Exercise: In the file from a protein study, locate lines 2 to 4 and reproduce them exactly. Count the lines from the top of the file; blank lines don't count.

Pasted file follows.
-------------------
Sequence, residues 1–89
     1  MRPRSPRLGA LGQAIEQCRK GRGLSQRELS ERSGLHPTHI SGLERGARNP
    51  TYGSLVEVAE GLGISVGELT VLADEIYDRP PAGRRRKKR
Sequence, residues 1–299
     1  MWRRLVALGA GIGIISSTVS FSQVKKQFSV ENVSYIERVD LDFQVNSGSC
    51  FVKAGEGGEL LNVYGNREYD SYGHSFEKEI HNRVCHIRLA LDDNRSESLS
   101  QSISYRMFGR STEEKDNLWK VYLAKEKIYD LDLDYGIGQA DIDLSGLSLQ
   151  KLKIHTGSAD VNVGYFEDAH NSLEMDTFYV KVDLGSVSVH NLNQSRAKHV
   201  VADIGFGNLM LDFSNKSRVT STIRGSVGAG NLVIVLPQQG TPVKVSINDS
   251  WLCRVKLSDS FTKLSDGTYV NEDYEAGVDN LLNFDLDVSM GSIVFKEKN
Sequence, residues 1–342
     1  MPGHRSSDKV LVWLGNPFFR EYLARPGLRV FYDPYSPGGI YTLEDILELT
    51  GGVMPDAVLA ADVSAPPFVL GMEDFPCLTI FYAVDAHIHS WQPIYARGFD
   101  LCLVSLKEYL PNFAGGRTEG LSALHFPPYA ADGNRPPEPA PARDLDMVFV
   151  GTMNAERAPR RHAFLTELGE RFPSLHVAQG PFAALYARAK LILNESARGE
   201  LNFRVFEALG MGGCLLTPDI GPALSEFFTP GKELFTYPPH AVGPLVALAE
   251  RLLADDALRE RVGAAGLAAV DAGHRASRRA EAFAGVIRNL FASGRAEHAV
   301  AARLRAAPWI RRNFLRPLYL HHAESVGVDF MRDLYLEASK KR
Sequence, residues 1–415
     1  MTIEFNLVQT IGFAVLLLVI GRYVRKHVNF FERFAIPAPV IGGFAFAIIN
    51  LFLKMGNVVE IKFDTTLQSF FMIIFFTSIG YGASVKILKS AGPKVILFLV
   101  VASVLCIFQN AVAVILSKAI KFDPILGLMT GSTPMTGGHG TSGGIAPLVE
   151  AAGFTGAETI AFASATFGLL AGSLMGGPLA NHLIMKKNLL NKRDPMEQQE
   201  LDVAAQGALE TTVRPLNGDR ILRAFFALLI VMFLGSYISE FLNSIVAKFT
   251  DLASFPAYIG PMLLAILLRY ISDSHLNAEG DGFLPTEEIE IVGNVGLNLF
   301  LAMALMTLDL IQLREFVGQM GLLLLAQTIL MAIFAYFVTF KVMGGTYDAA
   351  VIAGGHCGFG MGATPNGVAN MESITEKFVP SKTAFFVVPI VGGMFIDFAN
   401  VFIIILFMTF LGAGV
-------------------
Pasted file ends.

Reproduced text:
     1  MRPRSPRLGA LGQAIEQCRK GRGLSQRELS ERSGLHPTHI SGLERGARNP
    51  TYGSLVEVAE GLGISVGELT VLADEIYDRP PAGRRRKKR
Sequence, residues 1–299